This rosemary plant was one of the originals in that garden. In actuality, it has grown over the years into quite a large shrub that has been cut back, shared with others, and has added wonderful flavors and aromas to my cooking. When I say large, this is an understatement. It could easily be seven feet in length and nearly five feet tall -- no exaggeration! This winter, however, half of the plant has died! So, I got out the pruners last week and clipped off as much of the dead wood that I possibly could. The remaining plant is still quite large and hopefully, will be OK. I'm keeping my fingers crossed...

Unfortunately, this was not the only garden casualty. My two chive plants did not return this year! In addition to using them in my cooking, I find the flowers to be quite lovely! So, a rootbound chive that has been making its' home in a container for quite a number of years was finally freed from constraint! I used a hand saw to slice through the dense roots and made several plants out of one. In fact, ever thrifty, I bartered a piece of chive plant with my neighbor, Laura, in exchange for a zucchini plant!

Now, I have pruned the rosemary, replaced the chives, and have added in a French tarragon plant. Otherwise, the sage is stalwart (like the rosemary, I can use it all winter), and the oregano is coming back nicely. I'm not too sure about my thyme plants (I plant the English and lemon varieties), but I have a spare ready to plant, as I use a lot of this over the summer. Basil -- my other summer staple -- should be able to be planted in a week or two.

Like vegetables, one can never have too many herbs...So, I have had this idea fermenting in my brain all week about wrapping the herb garden around to the front of the house! Stay tuned -- that's a whole other post!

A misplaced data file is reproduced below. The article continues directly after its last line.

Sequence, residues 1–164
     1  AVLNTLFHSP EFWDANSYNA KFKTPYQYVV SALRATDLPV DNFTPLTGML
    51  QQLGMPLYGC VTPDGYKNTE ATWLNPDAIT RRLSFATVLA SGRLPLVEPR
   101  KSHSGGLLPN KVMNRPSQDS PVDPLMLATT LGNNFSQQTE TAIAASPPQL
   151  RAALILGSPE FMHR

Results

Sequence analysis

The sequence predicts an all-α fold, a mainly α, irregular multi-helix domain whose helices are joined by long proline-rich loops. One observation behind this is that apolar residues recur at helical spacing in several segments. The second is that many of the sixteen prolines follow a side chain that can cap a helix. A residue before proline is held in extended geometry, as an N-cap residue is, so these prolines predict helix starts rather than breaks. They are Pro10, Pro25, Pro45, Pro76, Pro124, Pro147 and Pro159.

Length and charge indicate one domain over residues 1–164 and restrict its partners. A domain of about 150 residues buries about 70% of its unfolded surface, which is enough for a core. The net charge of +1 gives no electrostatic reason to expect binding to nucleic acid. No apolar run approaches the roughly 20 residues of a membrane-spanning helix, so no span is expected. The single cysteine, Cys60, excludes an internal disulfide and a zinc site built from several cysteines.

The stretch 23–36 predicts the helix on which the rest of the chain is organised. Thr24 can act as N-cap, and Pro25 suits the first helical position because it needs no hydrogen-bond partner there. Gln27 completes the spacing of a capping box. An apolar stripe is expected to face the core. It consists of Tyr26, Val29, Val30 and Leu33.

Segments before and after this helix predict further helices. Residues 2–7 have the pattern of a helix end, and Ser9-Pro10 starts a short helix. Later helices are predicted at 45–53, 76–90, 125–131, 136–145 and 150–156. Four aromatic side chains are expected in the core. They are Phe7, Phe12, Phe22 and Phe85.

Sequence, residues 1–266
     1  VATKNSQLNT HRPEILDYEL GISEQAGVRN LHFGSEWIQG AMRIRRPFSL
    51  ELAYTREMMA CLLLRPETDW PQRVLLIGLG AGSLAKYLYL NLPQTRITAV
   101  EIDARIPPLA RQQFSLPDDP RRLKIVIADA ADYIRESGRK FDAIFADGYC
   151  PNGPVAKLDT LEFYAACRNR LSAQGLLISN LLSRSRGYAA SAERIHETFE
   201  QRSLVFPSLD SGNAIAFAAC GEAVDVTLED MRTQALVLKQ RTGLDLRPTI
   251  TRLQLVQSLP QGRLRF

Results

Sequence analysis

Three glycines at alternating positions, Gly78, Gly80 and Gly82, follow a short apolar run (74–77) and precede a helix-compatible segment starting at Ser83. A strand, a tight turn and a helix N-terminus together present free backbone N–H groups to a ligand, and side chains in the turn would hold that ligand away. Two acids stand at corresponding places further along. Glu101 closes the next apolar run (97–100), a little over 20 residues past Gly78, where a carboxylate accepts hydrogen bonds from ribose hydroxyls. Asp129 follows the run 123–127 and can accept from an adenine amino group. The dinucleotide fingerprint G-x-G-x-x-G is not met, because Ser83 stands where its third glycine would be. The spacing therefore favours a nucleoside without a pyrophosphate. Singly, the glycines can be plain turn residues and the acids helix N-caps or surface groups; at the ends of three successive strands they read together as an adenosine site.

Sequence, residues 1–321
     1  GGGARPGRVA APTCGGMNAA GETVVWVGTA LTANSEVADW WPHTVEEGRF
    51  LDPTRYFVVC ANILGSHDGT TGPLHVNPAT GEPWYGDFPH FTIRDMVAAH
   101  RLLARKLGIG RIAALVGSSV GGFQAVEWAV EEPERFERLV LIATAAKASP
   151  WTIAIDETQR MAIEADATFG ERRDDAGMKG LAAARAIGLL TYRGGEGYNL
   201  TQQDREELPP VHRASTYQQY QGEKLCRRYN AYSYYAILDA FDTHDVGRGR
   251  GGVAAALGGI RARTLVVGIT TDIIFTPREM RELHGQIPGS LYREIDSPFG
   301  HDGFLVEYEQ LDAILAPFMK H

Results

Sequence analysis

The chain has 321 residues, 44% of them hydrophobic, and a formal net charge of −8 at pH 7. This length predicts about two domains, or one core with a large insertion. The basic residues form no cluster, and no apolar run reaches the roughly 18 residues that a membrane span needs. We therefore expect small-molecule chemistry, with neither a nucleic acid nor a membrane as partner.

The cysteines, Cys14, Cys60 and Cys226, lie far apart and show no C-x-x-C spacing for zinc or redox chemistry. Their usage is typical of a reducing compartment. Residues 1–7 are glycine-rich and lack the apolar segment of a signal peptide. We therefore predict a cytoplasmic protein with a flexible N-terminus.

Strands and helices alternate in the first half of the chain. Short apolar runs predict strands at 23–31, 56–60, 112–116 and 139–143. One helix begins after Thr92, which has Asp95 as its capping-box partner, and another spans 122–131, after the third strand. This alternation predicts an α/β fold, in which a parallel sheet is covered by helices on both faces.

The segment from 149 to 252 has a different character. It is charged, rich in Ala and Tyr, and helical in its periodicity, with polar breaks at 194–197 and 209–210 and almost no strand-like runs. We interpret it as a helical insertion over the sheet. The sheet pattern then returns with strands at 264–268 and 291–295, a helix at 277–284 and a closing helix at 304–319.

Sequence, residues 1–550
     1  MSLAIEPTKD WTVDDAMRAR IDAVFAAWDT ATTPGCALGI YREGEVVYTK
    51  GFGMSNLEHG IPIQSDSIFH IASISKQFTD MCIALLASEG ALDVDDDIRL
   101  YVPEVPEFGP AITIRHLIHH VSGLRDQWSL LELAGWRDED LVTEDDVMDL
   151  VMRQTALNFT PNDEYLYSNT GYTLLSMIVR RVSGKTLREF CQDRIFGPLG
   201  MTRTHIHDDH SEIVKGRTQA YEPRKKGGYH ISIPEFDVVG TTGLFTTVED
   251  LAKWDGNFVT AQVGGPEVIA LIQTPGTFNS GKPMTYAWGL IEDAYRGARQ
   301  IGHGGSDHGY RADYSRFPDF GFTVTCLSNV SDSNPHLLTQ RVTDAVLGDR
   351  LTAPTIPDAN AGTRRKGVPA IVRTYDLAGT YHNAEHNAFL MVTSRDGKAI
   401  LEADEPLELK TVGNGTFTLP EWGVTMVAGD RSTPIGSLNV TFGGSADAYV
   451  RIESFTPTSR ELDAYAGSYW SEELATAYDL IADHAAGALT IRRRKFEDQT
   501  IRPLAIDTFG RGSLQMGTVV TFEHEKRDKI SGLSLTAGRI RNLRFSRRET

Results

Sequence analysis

Gotta go...dirt beckons!
Posted by Picasa

Tuesday, April 21, 2009

My Burpee Live Plant Order Has Arrived!!!!

Package in the mail today -- no mistaking that it was from Burpee when it said "Live Plants Inside"!! When I placed my order a few weeks back, I specifically asked the customer service representative when my order would be delivered because, very shortly, I will be going on vacation to Cape Cod (yea!). I certainly didn't want my live plants arriving while I was gone! She said they would arrive around April 20th. They came today, on the 21st -- close enough! I have always had good luck ordering from Burpee. The plants have aways arrived healthy, but then, my location in Virginia is about four hours away. Native Pennsylvanian that I am, I like supporting a company from whence I hail (Burpee is located in Warminster, in the eastern Philadelphia suburbs), even though I live elsewhere now.

My order consisted of tomatoes and peppers.

For tomatoes, I chose the Burpee Heirloom Taste Collection, which includes: Brandywine (I love the large, beautiful leaves); Black Krim (so pretty and tasty); Big Rainbow (new to my garden); and Supersteak (ditto).

The catalog describes Big Rainbow as "yellow streaked with scarlet", 85 days, indeterminate. The fruits are large -- 16+ ounces! Supersteak is also indeterminate, 80 days, and described as "the original 'giant' with beefsteak taste and meaty texture. The fruits are huge at 32+ ounces. Yum!